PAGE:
Theories about why grass causes laminitis in horses range from high protein levels in young grasses to hormonal factors. The latest theory is the high sugar/carbohydrate content in some grass stages.
Growing plants have a higher concentration of soluble carbohydrates. A combination of cold nights and balmy days triggers plants to store more carbohydrates and slows their metabolism overnight so that they don’t use up as much of their stores from the day’s photosynthesis. The carbohydrates in grasses may include starch, sugars and fructans.
Fructans are complex molecules composed of fructose units (a sugar) hooked together. The plant “feeds” itself by drawing on these storage forms when it’s dark and photosynthesis can’t generate energy.
High fructan levels are also a mechanism by which grasses and other plants protect themselves from freeze damage.
In March 2002, Dr. Chris Pollitt from the University of Queensland gave a talk in the United Kingdom that elaborated on a theory first proposed in 1998 by researchers from the Institute of Grassland and Environmental Research in Wales and epidemiological studies by Dr. Karen Hinkley. That theory holds that a high level of fructan in grasses stressed by cold overnight temperatures might be why these pastures are dangerous to horses. It also states that grass-induced laminitis is similar to grain-overload laminitis.
The horse’s small intestine, which is responsible for the digestion of simple sugars and starches, has a limited capacity. If the horse consumes too much grain, which is generally 60 to 70% starch, undigested starch reaches the cecum and large intestine, which are really supposed to handle fiber.
The unusual starch overload then triggers a rapid overgrowth of the bacterial species that utilize starch. This bacterial disruption, which can also inflame the intestinal lining and make it more permeable to substances that normally wouldn’t make it into the bloodstream, is believed to trigger laminitis. Supposedly, if a large volume of fructan makes its way back to the large intestine it can trigger a cascade of events similar to that seen when a horse gorges on grain.
In his talk, Pollitt described inducing mild laminitis in experimental horses by the administration of 3 to 4 kg (6.6 to 8.8 pounds) of a commercially available pure fructan derivative, FOS, to horses. The horses also developed diarrhea and disruption in the intestinal flora similar to that seen with grain overload.
Since the presentation of these findings, many horsemen decided fructan is the cause of grass founder. However, we believe it’s too early to make this assumption.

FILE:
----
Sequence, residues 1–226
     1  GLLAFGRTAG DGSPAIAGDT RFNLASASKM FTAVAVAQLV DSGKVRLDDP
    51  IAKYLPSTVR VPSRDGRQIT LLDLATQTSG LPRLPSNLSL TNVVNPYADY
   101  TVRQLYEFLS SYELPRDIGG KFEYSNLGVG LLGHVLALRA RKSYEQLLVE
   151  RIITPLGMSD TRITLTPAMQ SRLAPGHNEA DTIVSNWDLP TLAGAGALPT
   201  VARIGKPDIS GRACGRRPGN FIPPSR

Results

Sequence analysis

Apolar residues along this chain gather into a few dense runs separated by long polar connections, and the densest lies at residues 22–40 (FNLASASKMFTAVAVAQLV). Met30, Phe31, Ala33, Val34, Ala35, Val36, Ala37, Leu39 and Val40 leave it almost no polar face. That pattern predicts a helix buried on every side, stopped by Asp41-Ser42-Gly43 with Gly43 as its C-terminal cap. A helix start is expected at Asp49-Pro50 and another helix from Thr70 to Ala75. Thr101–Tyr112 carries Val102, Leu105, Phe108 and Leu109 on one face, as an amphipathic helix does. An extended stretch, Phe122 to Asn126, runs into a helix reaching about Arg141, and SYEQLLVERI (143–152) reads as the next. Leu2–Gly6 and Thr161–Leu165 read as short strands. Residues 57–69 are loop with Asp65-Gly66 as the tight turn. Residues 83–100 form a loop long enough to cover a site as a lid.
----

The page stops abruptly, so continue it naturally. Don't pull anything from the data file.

FOS is not the same as the fructans most abundant in grass. Also, a key requirement for the intestinal disruption and subsequent laminitis that results after grain overload is the rapid fermentation of starch in the large intestine. It’s like the difference between a horse eating 20 pounds of grain at once or less than two pounds at a time over two-hour intervals throughout the day. Pollitt’s work showed that a large amount of FOS tubed into a horse could produce similar problems as grain overload, but it didn’t show that a horse grazing constantly throughout the day on grasses containing more complex types of fructan would have the same problem.
If there is one truth about laminitis, it has to be that it’s complicated. Researchers have been trying for decades to piece together the contributing factors, or identify key triggers.
So far, we have many factors identified but no solid understanding of the precise sequence of events. It may well be that while the result — laminitis — is the same, there are several different ways to get there and looking for a common pathway from such diverse causes as corticosteroids, uterine infections, insulin resistance, grain overload, black walnut toxicity, colitis and lush grass is futile. Whatever the triggers may be, the pathway is not simple.
There’s no doubt that rapidly growing and/or cold-stressed pastures cause laminitis in some horses, but why remains unclear. Fructan-induced changes in bacterial populations doesn’t fully explain how some horses can develop laminitis after grazing for only a short period. For now, we think it’s best to recognize that the high fructan content in pasture grasses may be a possible indicator that they pose a high risk to horses prone to grass founder but doesn’t necessarily boil down to the one-and-only cause or factor.